20150521FBCTH & 20150524FBCPM
The Ten Commandments are commandments that any society needs to have in place in order to be a stable and successful nation. Even an unbeliever could agree with the last six—honor parents to promote respect for authority and strong families; don’t commit adultery to maintain stable marriages that raise healthy, well-adjusted children; don’t murder; don’t steal; don’t bear false witness. All of these promote good relationships between people that help a nation stay strong.
We’ve noted with regret how our society is moving away from these things—abortion, divorce, broken families, euthanasia, and more, all rip away at the fabric of these foundational principles.
In addition to those, materialism and the demand for individual rights, tear at the tenth commandment, which forbids coveting. Each year, more and more luxury items become essential needs to people.
Consider the cell phone, for example. Only thirty years ago we would drive any distance in any weather without one and never thought anything of it. Now, we can’t imagine going anywhere without it. Many people don’t even put the thing away—it’s always in their hand, waiting for the next text.
Fifteen years ago, no one dreamed that their children would need a cellphone until they were adults. Now? I watch out my office window as the children go home from school, and many have the cellphone out—texting, playing games, and somehow, walking. Parents say how great it is to always been in contact with their children, how it makes them safer.
How did these wants and luxuries turn into needs and necessities? Because the companies who make them know how to appeal to our base nature—humans naturally, sinfully, covet things.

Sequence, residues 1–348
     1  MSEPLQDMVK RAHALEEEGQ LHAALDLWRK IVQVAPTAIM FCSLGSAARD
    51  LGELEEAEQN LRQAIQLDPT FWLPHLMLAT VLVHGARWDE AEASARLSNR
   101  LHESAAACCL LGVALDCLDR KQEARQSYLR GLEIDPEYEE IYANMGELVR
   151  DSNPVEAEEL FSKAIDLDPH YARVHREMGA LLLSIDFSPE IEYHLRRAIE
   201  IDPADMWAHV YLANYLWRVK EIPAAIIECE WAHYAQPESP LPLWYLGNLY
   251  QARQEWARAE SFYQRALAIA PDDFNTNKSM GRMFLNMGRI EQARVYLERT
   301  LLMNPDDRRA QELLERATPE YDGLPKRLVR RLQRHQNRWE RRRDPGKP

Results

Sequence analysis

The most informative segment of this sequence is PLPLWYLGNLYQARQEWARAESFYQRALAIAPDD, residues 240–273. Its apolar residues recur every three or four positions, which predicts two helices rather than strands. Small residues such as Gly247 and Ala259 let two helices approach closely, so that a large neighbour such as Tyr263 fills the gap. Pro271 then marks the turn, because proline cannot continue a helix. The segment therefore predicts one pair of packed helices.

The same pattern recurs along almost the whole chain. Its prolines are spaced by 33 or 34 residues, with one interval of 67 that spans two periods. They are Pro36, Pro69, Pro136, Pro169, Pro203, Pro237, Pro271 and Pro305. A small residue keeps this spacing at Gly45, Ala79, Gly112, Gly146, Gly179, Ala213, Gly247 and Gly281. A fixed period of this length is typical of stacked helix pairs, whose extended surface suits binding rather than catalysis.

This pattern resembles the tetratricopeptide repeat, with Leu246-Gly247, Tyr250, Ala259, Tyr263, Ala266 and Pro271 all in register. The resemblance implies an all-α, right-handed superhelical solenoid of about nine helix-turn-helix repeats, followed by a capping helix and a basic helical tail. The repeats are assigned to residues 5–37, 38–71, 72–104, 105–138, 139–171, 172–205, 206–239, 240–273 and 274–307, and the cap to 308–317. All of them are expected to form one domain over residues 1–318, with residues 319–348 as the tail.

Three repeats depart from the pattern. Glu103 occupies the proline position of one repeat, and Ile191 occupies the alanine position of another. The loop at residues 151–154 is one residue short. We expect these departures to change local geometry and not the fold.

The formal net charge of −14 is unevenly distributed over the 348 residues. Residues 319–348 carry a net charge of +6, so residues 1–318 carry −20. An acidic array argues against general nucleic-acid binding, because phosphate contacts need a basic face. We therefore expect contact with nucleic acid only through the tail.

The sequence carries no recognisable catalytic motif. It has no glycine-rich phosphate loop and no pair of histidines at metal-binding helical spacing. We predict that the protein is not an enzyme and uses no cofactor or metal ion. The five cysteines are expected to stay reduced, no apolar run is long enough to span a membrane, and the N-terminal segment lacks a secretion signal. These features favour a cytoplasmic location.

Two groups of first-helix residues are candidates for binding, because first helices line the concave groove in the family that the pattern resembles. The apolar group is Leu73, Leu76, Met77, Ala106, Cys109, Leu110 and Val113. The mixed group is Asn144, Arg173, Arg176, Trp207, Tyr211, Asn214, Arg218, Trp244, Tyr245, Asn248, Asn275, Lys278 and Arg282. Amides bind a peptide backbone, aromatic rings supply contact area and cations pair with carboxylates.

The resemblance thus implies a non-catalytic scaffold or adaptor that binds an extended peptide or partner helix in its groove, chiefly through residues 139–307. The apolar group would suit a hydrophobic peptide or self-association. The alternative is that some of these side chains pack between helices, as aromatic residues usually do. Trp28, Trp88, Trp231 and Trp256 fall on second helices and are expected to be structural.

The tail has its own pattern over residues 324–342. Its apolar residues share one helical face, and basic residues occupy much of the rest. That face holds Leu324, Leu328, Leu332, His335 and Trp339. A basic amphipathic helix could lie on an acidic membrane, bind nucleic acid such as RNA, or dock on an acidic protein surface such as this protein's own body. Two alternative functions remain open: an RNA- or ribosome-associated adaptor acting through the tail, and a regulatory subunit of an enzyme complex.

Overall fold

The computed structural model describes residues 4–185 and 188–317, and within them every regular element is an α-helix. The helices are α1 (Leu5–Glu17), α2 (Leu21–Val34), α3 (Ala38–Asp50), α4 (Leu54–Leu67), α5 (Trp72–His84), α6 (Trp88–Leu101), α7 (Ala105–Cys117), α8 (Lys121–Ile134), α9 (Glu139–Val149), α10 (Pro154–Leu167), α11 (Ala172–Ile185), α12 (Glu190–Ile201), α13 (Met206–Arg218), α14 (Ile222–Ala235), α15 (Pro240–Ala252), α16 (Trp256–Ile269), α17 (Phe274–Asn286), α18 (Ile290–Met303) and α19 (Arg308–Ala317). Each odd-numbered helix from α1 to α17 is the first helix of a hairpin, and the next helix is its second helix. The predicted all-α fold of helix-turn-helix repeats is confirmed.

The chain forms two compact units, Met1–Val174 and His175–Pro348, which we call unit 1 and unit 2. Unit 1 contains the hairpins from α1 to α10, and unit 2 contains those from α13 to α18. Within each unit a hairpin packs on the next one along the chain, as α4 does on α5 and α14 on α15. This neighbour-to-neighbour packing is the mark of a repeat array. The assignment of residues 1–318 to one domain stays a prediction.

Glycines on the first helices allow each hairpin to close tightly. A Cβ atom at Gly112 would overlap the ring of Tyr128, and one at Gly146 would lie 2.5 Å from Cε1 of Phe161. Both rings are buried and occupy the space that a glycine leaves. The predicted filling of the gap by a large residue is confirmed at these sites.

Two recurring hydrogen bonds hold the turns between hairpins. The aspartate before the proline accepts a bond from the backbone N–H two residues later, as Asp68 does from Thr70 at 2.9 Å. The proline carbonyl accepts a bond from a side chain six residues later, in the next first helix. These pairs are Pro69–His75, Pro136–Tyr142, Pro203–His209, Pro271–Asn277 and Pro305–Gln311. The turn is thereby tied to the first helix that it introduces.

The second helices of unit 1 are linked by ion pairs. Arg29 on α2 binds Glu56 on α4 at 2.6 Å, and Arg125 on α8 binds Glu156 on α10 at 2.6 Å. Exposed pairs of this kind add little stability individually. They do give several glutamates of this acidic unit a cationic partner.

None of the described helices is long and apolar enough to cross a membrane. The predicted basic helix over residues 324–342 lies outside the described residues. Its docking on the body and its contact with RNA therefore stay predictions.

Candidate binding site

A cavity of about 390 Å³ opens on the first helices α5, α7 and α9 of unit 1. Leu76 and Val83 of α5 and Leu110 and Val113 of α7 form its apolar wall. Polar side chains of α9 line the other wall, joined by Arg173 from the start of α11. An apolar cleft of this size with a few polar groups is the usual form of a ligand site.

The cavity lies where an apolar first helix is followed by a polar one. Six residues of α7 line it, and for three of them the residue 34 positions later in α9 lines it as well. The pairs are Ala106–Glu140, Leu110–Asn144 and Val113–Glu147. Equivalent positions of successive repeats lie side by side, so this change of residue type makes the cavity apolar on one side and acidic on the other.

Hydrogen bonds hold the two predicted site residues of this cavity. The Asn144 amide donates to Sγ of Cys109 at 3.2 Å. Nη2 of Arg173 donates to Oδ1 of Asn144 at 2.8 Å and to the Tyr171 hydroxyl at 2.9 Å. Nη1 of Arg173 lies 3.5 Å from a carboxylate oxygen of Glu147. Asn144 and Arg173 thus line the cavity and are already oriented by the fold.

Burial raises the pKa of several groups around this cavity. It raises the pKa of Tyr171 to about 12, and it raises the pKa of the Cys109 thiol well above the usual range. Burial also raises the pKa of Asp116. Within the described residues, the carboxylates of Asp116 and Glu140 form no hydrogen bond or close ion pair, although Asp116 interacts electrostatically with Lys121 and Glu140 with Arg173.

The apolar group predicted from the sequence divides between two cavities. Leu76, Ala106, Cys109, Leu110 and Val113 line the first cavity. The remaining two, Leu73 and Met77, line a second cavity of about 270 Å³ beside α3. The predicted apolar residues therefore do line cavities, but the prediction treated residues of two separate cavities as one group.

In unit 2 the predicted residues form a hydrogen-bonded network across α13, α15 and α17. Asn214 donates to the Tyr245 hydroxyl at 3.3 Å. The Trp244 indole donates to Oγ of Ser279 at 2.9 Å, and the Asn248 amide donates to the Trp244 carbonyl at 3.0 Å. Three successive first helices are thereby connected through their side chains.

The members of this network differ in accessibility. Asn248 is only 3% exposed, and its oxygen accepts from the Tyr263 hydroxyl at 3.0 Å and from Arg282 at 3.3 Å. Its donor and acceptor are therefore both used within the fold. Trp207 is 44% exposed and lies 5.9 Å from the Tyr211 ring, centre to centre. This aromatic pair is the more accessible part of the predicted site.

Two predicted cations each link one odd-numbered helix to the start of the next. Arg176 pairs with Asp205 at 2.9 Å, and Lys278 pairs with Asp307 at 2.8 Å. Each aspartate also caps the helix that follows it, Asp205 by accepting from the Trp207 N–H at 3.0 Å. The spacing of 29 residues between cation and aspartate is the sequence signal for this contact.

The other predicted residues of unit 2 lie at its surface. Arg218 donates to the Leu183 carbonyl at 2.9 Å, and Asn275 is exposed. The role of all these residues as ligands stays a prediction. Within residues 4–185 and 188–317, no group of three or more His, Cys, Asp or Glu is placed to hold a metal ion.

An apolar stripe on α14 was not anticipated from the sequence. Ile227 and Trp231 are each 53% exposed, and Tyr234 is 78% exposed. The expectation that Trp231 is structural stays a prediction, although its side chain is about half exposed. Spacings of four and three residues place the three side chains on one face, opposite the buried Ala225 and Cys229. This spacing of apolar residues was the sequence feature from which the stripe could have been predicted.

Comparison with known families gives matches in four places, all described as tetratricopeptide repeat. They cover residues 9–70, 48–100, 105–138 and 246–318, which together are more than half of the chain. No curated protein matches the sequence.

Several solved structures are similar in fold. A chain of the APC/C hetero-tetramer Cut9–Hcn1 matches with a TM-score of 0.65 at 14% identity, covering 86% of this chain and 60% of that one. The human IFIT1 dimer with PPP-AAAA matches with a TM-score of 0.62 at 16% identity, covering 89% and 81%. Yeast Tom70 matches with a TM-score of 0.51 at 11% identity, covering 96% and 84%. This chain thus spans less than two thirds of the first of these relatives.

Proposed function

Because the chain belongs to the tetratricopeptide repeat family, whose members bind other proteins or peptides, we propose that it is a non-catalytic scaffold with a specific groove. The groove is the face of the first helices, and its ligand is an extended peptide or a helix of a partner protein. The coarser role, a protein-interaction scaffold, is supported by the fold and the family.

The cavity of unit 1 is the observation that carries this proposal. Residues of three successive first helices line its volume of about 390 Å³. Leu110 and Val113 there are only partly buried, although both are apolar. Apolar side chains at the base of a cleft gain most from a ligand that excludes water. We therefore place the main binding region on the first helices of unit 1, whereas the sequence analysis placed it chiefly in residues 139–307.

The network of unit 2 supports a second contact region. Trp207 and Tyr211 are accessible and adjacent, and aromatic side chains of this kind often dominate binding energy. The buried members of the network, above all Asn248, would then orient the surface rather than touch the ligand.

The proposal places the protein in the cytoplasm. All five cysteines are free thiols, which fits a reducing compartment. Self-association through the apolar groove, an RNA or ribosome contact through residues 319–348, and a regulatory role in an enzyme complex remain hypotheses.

We start small—just watch toddlers at play—and continue on all our lives. Gradually, what was a luxury and a privilege to have becomes a necessity and a right to have—and a TV commercial or two helps speed things along. In other words, we as a society are constantly being bombarded with messages to give in to the desire to covet.
Fifteen years ago, pastor Mark Buchanan described this desire to covet and this materialistic society as a cult—
I belong to the Cult of the Next Thing. It’s dangerously easy to get enlisted. It happens by default—not by choosing the cult, but by failing to resist it. The Cult of the Next Thing is consumerism cast in religious terms. It has its own litany of sacred words: more, you deserve it, new, faster, cleaner, brighter. It has its own deep-rooted liturgy: charge it, instant credit, no down-payment, deferred payment, no interest for three months. It has its own preachers, evangelists…: ad men, pitchmen, celebrity sponsors. It has, of course, its own shrines, chapels, temples, meccas: malls, superstores, club warehouses. It has its own sacraments: credit and debit cards. It has its own [spiritual mountain-top] experiences: the spending spree. The Cult of the Next Thing’s central message proclaims, “Crave and spend, for the Kingdom of Stuff is here.” (http://www.christianitytoday.com/ct/1999/september6/9ta062.html)
It’s no wonder that God devoted a whole commandment to the sin of coveting.